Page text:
Ever since its introduction a little while back, Mega Man: Fully Charged has been building up all kinds of momentum for its debut on Cartoon Network this month. And while some die-hard fans aren’t too fond of the new art style for the character, Man of Action Entertainment is devoted to delivering an experience that Mega Man lovers of all ages will enjoy.
We recently had a chance to catch up with Man of Action’s Joe Kelly to talk about the origin of the series, as well as what could come next if it’s successful!
First off, who pitched who when it came to the creation of the Mega Man series? Did Capcom come to you or vice versa?
We were approached by Dentsu Entertainment USA, which had already struck a deal with Capcom to make a Mega Man show and then brought co-producer DHX Media in. We were immediately excited about adding a chapter to the 30-year history of an iconic character and jumped on in.
What was the initial pitch for the series? Were you always going for a younger version of the character or did it start out differently?
The show was intended for a younger audience from the start. Mega Man is an ideal superhero for kids. A perfect fit.
Would you say the team are avid fans of the Mega Man games?
Yes. From the writers to the designers to the animators, everyone has a relationship to Mega Man in some form or another. The games informed the world and characters, obviously, but also inspired what we regard to be the greatest asset of the character - the power replication process. Not only does it give us a slew of great powers and looks to play with, thematically it generated a powerful and timely idea. Mega Man doesn't just fight bad guys and throw them in jail. When he replicates a power, he gains insight into a robot's feelings, motives, etc. Sometimes he literally walks in their shoes, which creates a lot of empathy between Mega Man and his foes. So Mega Man is about understanding other people and trying to find common ground first and foremost. It's a great motivator for a hero.
Some fans have critiqued the new art style for the Mega Man series. How did your team come up with this new look for him?
As with every animated show, the art style went through many iterations before we landed where we did with Mega Man: Fully Charged. Capcom specifically asked us not to just copy what they are doing/have done with the franchise. They wanted a show that stood on its own for a new audience. We get it, it's not the thing someone loved and remembered. Instead, it's a way to expose a character that might otherwise sit on a shelf to someone new. That said, the show is packed to the gills with easter eggs, homages and characters from the games, so there is something for everyone who gives it a shot.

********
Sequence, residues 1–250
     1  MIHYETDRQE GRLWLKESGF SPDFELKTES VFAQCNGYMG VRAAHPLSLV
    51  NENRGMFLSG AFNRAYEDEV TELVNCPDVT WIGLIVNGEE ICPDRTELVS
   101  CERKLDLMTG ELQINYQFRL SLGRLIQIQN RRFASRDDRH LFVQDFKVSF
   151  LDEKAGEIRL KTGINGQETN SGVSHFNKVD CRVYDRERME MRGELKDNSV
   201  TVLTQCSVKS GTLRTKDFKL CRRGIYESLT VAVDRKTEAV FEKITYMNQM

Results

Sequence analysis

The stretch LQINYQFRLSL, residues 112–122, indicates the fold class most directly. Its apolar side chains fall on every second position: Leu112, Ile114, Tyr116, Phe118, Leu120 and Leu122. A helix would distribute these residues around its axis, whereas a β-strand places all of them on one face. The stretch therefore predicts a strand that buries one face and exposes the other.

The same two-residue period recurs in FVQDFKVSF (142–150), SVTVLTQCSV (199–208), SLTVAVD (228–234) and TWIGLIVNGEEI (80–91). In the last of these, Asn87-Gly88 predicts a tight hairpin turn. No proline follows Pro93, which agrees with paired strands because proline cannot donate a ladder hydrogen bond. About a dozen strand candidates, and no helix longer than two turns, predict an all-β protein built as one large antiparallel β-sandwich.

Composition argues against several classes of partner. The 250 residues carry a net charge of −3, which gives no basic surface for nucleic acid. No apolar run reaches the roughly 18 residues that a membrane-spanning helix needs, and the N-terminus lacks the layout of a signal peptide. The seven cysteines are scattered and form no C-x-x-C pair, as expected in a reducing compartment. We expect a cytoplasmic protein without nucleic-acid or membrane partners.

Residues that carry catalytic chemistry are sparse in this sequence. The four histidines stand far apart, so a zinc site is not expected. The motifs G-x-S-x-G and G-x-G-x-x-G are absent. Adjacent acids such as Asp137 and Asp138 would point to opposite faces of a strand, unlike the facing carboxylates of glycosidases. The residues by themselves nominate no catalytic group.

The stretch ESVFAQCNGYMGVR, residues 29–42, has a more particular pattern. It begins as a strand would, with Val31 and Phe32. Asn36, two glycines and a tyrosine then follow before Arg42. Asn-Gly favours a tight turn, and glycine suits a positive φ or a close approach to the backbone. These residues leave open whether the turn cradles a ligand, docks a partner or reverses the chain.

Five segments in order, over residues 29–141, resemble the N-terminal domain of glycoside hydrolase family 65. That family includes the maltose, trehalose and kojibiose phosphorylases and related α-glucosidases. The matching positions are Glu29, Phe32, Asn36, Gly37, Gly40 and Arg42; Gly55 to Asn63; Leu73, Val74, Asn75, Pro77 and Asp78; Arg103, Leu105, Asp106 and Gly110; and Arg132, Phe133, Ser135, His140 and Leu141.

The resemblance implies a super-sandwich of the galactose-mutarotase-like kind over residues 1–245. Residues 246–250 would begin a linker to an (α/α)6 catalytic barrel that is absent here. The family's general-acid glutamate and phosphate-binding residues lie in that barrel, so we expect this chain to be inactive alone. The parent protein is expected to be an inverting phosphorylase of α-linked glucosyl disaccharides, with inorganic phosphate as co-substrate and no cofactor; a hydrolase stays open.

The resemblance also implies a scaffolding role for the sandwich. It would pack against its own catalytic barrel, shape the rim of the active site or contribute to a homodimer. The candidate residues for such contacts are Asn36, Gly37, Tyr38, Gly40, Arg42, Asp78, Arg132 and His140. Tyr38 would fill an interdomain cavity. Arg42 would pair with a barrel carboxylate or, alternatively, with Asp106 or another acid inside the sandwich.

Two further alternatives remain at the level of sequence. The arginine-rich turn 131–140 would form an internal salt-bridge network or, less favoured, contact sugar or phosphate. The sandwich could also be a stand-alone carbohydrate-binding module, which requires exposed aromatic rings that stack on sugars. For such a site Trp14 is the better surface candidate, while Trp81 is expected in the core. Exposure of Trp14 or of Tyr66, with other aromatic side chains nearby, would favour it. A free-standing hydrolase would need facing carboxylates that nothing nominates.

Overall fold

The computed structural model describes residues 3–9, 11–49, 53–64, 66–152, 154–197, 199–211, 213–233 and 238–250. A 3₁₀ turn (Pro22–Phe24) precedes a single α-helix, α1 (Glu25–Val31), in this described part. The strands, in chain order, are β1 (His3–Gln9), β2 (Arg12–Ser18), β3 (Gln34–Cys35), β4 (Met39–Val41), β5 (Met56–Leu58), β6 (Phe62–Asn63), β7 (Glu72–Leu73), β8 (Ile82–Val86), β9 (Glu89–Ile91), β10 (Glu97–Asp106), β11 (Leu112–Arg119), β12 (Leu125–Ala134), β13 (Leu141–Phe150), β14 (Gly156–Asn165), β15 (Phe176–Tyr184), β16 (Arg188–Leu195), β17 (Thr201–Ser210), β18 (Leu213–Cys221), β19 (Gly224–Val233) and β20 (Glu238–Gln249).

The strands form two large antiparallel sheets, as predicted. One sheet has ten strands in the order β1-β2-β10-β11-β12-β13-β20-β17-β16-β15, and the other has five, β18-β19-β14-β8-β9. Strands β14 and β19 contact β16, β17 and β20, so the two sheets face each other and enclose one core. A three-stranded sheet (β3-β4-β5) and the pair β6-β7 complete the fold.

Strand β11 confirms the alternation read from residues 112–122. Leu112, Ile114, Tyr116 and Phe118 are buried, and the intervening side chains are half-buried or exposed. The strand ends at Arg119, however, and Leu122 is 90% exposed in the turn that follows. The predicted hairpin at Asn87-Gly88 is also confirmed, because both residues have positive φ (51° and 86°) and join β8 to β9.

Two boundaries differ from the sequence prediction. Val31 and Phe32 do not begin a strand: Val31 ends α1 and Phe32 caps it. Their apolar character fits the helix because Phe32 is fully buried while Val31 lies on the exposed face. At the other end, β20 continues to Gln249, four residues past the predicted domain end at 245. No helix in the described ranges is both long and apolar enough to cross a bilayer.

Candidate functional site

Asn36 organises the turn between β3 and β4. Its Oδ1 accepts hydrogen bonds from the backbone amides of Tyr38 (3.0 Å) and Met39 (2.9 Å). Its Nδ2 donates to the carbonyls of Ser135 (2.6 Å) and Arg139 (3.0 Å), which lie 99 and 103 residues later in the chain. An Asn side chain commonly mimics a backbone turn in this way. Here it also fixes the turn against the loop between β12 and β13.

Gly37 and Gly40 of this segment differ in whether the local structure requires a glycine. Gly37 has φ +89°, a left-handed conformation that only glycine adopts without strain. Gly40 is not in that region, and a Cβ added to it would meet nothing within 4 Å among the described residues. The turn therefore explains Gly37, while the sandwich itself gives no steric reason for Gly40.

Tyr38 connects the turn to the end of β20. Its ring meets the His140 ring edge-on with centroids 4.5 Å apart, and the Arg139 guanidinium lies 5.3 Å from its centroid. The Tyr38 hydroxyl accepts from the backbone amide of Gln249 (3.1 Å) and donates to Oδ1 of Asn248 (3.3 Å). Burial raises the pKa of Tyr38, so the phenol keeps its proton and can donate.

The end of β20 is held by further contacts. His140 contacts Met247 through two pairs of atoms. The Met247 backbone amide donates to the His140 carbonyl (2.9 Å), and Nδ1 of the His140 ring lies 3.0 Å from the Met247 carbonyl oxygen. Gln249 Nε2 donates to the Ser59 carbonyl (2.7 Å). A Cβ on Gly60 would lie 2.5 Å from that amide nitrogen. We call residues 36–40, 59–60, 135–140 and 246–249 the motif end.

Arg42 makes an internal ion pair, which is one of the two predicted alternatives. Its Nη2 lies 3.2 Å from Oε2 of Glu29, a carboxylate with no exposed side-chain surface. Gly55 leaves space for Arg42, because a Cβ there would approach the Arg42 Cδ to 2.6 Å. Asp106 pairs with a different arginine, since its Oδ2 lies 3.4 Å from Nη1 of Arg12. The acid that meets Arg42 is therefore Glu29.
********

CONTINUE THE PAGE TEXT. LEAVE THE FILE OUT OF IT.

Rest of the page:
Tell us about the story. Does it stay true to the theme of the Mega Man games? Will we see familiar heroes and villains arise?
Again, Capcom encouraged us to explore new ways to tell Mega Man's story, and we did while keeping certain touchstones from the last 30 years intact. Mega Man is a young hero, just learning the ropes. He's got a family. He fights Robot Masters ... to tell you more would spoil it! We promise that there will be familiar faces, though some of them will appear in very unexpected ways.
What did you think about the feedback from your recent San Diego Comic-Con panel?
We thought it went well! Folks at the panel asked great questions. Some comments online were negative as one would expect, but overwhelmingly we got folks who saw the merits of the show, even if they didn't feel it was for them.
Is there a long term goal with the Mega Man series? Could we see an evolution into X someday? Or are you keeping it simple?
There are many long term plans for Mega Man and Co. Can't tell you what, but again there will be recognizable characters in the future that should thrill old and new fans.
Will we see a number of Mega Man’s adversaries over the course of the series? Or are you focusing on a few particular Robot Masters?
Yes. Many adversaries. Many Robot Masters.
With Mega Man 11 coming out soon, are you guys working with Capcom at all on a promotional push for all things Blue Bomber? Or is that not planned yet?
The show and the games occupy different spaces within Capcom, so our focus is on telling great Mega Man stories while they make great games.
Finally, do you think this is the Mega Man comeback that fans and newcomers alike deserve? Or is the best yet to come with the series?0comments
Frankly, Mega Man never "left", hence he doesn't need a comeback. We're pumped to share Mega Man: Fully Charged with the world, and think that the audience will be as passionate about Mega Man as we are, whether they have been there from the beginning or are discovering him for the first time.
Mega Man: Fully Charged debuts on Cartoon Network starting August 5.